Researchers have used cutting-edge portable chemical imaging technology to uncover hidden details in two ancient Egyptian paintings dating back over 3,000 years.
The paintings were discovered in the Theban Necropolis, situated near the River Nile, within the tombs’ chapels where people gathered to commemorate the deceased.
Traditionally, studies of ancient Egyptian paintings were conducted in museums or laboratories. However, this study sought to challenge convention by performing the analysis in the tombs themselves, utilizing advanced portable devices.
This approach allowed researchers to identify alterations made by the artists, which is uncommon in Egyptian paintings that were thought to follow highly formalized workflows.
The innovative chemical imaging technology involved X-ray fluorescence, which created a molecular-level map of the painting’s surface, revealing its chemical properties.
Hyperspectral imaging was also utilized to analyze the artwork on multiple wavelengths, unveiling details not visible to the naked eye.
Two paintings from the Ramesside Period (1292 BC to 1075 BC) were examined in the study. The first painting, found in the tomb chapels of Menna, depicts an official who served under Pharaoh Amenhotep III. Alterations to the painting were detected, such as an additional hand hidden beneath the white background layer.
The reasons behind this change remain uncertain, but it provides intriguing insights into the painting process and suggests that different groups might have worked on the artwork in separate sessions.
The second painting, located in the tomb of Nakhtamun, a cleric, revealed various adjustments made to the depiction of pharaoh Ramesses II, including a rarely seen portrayal with a budding beard. Such a representation is unusual since ancient Egyptian pharaohs were typically depicted with a more idealized and eternal appearance. The changes made to the painting’s composition and symbolism over time have raised questions that warrant further investigation.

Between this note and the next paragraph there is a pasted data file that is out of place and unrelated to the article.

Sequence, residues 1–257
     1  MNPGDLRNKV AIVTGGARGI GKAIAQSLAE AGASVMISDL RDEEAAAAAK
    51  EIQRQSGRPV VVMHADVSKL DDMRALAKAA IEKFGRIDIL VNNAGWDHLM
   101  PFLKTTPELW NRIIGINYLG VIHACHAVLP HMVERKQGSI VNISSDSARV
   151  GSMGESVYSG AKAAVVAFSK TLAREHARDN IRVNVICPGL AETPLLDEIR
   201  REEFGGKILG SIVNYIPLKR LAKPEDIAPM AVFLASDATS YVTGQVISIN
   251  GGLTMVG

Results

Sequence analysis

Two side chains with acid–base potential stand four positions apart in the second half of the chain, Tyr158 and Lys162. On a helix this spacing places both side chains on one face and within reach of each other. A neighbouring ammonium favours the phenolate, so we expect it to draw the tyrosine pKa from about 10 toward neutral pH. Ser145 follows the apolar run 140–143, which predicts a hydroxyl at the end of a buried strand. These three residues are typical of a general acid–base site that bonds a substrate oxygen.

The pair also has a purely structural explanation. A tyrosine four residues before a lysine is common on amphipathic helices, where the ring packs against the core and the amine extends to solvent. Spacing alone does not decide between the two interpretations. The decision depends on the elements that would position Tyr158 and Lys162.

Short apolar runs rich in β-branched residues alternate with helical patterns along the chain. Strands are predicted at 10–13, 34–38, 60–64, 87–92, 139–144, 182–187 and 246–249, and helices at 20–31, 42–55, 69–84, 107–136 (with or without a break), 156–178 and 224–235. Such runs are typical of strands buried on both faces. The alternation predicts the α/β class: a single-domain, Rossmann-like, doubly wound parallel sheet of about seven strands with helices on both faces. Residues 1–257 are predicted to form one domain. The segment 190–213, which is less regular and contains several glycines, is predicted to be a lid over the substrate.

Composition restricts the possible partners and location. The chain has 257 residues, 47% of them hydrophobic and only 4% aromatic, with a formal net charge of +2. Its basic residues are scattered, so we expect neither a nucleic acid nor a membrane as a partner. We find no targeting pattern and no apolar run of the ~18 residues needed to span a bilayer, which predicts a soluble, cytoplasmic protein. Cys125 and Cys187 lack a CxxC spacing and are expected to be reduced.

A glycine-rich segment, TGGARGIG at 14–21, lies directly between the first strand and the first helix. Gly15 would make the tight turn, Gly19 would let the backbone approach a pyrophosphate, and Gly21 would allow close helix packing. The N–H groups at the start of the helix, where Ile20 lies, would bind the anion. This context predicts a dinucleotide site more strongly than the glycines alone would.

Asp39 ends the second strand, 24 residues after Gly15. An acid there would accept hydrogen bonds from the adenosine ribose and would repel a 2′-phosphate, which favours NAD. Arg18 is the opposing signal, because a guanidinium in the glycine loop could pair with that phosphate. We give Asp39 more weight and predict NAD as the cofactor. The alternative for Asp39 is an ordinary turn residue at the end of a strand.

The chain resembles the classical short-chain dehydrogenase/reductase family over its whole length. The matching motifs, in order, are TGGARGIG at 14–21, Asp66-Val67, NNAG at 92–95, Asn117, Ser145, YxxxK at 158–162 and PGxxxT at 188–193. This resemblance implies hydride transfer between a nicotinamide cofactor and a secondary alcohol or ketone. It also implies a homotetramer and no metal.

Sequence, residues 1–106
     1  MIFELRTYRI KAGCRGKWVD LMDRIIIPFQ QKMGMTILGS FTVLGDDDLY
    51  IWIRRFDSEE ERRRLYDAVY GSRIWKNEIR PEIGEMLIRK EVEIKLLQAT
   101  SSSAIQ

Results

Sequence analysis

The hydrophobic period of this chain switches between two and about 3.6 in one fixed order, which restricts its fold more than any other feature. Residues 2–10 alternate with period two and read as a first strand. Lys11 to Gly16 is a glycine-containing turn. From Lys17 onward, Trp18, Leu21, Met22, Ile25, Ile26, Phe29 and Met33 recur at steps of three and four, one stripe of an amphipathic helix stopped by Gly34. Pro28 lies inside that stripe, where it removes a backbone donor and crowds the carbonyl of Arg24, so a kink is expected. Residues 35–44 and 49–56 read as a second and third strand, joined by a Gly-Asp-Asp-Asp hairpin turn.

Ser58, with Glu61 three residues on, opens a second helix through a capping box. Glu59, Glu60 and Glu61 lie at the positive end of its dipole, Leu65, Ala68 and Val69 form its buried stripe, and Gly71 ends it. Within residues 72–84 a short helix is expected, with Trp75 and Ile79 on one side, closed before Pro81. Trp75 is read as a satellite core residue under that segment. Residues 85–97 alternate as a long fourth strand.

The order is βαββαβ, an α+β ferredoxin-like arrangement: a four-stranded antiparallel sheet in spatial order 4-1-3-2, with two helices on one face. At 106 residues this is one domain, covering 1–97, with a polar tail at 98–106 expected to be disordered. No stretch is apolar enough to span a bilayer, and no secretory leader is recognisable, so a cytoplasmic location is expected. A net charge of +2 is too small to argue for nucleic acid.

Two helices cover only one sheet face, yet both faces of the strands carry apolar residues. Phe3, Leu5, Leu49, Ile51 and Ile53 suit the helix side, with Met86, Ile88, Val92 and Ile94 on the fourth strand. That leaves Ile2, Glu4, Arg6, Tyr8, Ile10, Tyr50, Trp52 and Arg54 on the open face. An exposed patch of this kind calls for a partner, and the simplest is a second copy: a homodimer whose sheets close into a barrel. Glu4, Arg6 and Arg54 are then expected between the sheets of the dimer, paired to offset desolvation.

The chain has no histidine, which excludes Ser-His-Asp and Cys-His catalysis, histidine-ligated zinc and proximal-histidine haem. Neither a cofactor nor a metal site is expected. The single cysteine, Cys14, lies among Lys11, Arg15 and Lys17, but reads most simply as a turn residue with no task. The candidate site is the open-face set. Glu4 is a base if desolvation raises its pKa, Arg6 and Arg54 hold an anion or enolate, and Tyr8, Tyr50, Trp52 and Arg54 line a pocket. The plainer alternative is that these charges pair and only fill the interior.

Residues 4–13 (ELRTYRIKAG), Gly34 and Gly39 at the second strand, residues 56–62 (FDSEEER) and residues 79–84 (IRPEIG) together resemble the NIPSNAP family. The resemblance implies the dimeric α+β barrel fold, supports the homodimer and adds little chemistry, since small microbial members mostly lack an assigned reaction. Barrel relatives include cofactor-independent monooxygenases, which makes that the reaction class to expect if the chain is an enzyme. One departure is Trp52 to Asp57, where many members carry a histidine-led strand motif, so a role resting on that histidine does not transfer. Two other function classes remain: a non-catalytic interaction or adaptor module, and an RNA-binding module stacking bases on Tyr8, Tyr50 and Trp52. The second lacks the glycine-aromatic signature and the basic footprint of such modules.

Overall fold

These findings challenge previous assumptions about ancient Egyptian art production and offer a new perspective on the artists’ approaches and intentions. By studying the physical composition of the paintings on-site, the research provides a deeper understanding of the ancient Egyptian representations and their significance.
Philippe Martinez, an Egyptologist at Sorbonne University and lead author of the study said: The corrections also show an image that was not perfect. Egyptians liked perfection and beauty, but this is not that because the shape of the scepter is slightly weird: It touches the face of the king.
“This shows how the artist was actually working and how corrections can lead to something that is less perfect than before. It must have meaning, but that still escapes us.”
The application of portable chemical imaging technology has opened up new avenues of research in Egyptology and provided scholars with a unique opportunity to gain fresh insights into the ancient world’s artistic techniques and cultural expressions.
More information: Philippe Martinez et al, (2023). Hidden mysteries in ancient Egyptian paintings from the Theban Necropolis observed by in-situ XRF mapping, PLOS ONE. DOI: 10.1371/journal.pone.0287647